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tamwe-LG
03-04-11, 12:07 PM
Brad Meyers - 2011 Discussion Thread

General discussion on match performances, position, injuries, contracts, and anything else.

Blazertaser
09-05-11, 09:16 AM
Wrist surgery ends Gold Coast Titans veteran Brad Meyers's rugby league career after 177 NRL games

The former Brisbane Broncos, Bradford (England), Queensland and Kangaroos forward, who is affectionately known as "Big Red", confirmed on Sunday he had retired from football following wrist surgery which will sideline him for 20 weeks.

The 30-year-old backed coach John Cartwright's assessment that Gold Coast Titans have the depth to overcome its current injury crisis, with Nathan Friend (shoulder), Luke Bailey (neck), Anthony Laffranchi (ankle) and Kevin Gordon (knee) sidelined.

Cartwright said Bailey's late withdrawal from Sunday's match against the Warriors was a huge blow, but the players could not use that as an excuse.

"If you want to do well, you have to have depth and I've got faith and I trust our depth," he said. "But it wasn't there today."

Meyers said he had not made his decision official but it was common knowledge among the playing group.

How will you remember the rugby league career of big Brad Meyers? Leave a tribute at the bottom of the page.

"It's not the way I wanted to go out," he said. "I injured the wrist against Canberra (in round four) and if I'd known that was my last game it would be a bit different. But that's football. I'm looking forward to life after football, but it's hard sitting there watching the boys go through what they had to today.

"It's 20 weeks recovering from the surgery. The doc has fused the bones together so it's strong and I won't have problems. I had the ligament repaired at the end of 2010. But it blew up leading into the Canberra game and then I made a tackle and it felt like I had broken my hand."

Meyers said the Titans had the talent to make the NRL finals.

"I've got heaps of faith in the young blokes," he said. "We're struggling a bit, but there's just a few little things we need to tweak."

Meyers said he had enjoyed his career, in particular the chance to make so many friends.

As for a highlight?

"It's been everything," he said. "I'm just glad football was a big part of my life."

Source: http://www.foxsports.com.au/league/nrl-premiership/wrist-surgery-ends-gold-coast-titans-veteran-brad-meyerss-nrl-career/story-fn2mcuj6-1226052330556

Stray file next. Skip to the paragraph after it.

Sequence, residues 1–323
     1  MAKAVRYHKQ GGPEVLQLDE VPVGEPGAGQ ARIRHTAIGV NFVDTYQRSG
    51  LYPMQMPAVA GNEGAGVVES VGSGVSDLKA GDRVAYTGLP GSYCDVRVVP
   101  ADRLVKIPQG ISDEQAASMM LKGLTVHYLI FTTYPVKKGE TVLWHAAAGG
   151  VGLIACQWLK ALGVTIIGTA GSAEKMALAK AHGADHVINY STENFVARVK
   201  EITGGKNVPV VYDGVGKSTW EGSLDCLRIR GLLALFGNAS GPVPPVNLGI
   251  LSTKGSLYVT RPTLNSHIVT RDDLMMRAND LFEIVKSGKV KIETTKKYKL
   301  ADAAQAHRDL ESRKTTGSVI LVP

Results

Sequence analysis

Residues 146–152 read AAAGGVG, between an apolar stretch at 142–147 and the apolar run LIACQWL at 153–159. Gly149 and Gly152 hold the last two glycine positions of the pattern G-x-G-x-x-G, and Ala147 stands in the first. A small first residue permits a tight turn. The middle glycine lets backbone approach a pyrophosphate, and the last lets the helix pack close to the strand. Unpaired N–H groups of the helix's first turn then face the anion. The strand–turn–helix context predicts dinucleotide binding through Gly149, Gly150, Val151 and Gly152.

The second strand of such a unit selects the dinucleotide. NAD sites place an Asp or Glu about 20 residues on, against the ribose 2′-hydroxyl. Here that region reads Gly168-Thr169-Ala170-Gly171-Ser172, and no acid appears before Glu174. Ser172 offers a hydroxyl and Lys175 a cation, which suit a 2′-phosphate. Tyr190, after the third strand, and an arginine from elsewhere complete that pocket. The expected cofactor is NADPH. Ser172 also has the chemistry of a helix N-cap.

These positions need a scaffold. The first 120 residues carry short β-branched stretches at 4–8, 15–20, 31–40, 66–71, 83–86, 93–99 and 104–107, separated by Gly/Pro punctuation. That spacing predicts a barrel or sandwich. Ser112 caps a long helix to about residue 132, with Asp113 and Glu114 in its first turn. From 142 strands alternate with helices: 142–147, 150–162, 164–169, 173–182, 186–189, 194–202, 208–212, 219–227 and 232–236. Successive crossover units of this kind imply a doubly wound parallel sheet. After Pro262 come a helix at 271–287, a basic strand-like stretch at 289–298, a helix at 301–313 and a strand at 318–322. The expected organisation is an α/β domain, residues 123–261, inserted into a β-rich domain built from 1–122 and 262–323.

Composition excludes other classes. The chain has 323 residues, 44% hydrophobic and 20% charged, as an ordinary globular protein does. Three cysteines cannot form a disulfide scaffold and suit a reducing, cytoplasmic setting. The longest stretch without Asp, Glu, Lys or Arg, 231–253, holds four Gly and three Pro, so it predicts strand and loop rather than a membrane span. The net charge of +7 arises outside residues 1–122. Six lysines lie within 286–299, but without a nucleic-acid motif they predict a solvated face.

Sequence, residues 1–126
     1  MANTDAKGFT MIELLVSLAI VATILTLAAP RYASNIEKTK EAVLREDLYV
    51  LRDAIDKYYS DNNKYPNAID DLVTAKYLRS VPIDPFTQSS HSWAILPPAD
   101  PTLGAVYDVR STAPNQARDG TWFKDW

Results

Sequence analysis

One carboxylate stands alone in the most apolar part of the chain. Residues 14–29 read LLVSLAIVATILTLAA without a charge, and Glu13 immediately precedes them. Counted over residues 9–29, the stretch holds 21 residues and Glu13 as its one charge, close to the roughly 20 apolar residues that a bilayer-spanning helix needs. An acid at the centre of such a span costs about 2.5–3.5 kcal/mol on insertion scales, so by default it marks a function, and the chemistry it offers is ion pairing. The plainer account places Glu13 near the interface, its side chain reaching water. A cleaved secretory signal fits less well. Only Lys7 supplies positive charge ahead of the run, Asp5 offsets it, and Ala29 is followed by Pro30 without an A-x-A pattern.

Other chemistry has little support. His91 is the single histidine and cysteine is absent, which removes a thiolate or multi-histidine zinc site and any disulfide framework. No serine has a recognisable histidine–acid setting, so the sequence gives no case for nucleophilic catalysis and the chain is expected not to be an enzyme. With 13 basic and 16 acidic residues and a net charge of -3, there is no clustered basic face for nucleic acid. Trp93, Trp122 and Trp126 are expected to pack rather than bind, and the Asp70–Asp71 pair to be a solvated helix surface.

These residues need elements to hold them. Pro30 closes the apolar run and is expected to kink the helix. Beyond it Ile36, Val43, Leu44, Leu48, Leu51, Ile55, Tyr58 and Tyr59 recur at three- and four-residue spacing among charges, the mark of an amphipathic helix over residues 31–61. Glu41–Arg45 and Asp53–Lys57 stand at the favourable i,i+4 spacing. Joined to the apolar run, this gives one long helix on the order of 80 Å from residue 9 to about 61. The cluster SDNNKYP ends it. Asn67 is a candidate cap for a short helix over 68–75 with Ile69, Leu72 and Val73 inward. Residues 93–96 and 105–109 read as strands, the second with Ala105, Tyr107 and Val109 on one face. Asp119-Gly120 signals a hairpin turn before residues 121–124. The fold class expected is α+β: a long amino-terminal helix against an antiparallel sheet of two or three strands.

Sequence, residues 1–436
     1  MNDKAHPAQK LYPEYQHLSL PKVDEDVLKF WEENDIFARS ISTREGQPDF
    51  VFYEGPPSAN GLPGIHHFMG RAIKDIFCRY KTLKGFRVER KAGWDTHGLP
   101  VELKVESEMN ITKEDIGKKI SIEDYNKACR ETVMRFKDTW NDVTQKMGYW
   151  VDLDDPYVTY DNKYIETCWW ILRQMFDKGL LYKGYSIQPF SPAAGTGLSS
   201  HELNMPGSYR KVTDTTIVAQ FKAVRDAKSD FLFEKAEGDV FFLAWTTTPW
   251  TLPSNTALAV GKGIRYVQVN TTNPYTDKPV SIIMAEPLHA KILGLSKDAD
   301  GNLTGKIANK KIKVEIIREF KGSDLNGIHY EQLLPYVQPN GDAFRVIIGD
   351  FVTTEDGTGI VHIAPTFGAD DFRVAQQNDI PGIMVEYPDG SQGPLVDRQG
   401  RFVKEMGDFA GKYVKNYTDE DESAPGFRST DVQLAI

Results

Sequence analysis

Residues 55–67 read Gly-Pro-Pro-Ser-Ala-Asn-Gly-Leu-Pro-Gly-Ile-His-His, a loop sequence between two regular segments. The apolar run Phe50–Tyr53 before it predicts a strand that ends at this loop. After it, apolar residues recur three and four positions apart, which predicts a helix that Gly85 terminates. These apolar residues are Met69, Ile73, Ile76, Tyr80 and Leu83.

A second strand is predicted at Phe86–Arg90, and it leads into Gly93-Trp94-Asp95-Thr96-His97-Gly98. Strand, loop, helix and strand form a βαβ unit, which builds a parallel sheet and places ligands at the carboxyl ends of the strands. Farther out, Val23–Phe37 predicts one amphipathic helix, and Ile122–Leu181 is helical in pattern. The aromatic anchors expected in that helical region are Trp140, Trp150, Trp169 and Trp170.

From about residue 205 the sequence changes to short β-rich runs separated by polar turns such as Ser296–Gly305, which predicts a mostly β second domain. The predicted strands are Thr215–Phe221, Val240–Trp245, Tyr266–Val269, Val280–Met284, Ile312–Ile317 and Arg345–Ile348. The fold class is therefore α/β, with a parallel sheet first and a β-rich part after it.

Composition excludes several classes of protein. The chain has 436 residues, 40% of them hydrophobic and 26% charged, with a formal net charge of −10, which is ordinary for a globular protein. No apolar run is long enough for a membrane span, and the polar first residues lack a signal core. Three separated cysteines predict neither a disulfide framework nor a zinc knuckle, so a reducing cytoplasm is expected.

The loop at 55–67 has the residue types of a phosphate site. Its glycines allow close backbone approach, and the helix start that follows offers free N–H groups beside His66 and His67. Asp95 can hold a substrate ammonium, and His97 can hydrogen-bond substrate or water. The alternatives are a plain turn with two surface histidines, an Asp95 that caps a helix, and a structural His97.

Rage
09-05-11, 04:18 PM
By Wayne Heming AAP Mon, May 09, 2011 - 4:52 PM

Playing for Queensland and Australia at just 21 was the worst thing that could have happened to Brad Meyers, according to former team mate and Brisbane great Shane Webcke.

Gold Coast's Meyers, 31, announced his immediate retirement on Monday after being told a wrist injury would keep him off the field for the rest of 2011.

"It's not the way I would have liked my career to finish but sometimes that's what happens, you can't control injuries," said Meyers, who has played 177 NRL matches for Brisbane and the Titans and a further 51 for Bradford Bulls in the English Super League.

The red-haired forward may not have set the rugby league world on fire.

But he leaves the game having played for Queensland and Australia, having won a premiership with Bradford in 2005 and having ground out 228 games at the toughest level.

"For a bloke who struggled early and had his toughness (unfairly) questioned, he's put together a career, hasn't he," Webcke told AAP.

Webcke, who played over 254 games for Brisbane 21 Tests and 20 Origins, said being thrust into representative football so young didn't do Meyers any favours.

Meyers played all three Origins for Queensland in 2001 and four Tests for Australia but never played representative football after that.

"It was the worst thing that could have happened to him," said Webcke.

"He could never live up to those expectations. He was always trying to resurrect himself after that."

Webcke said while it was a wonderful honour playing rep football it could be a poison for players not ready to deal with the expectation.

"It came too early, before he'd learned how to be a consistent footballer at rep level," said Webcke.

"When you think of toughness, you think of players like Gorden Tallis.

"But players like Brad, who struggled early, have had to do it another way and that's probably harder."

Webcke's first impression of Meyers was of a "big giggling kid".

"He loved to laugh and crack jokes and was good to have around," he said.

"But it was hard to get him cranky to play footy."

Webcke did his best to bring out his aggression because it wasn't in his personality.

"I wasn't nasty because I cared about him," he said.

"But I bashed the crap out of him because I knew he had it in him.

"Most of the time he just laughed at me.

"But every so often he'd get cranky and angry and that's when he'd play really well."

Brisbane coach Wayne Bennett chose Dane Carlaw over Meyers for a first grade call up in 1999.

Meyers played a couple of games in 2000 when Brisbane won the premiership and got his chance in 2001 when a number of Brisbane players retired or left the club.

"To play as many games as Brad did and achieve as much as he did is a tribute to him," said Bennett.

"He was a very tradesman-like as a player."

Meyers will apply that tradesman-like attitude to his new profession in the building industry.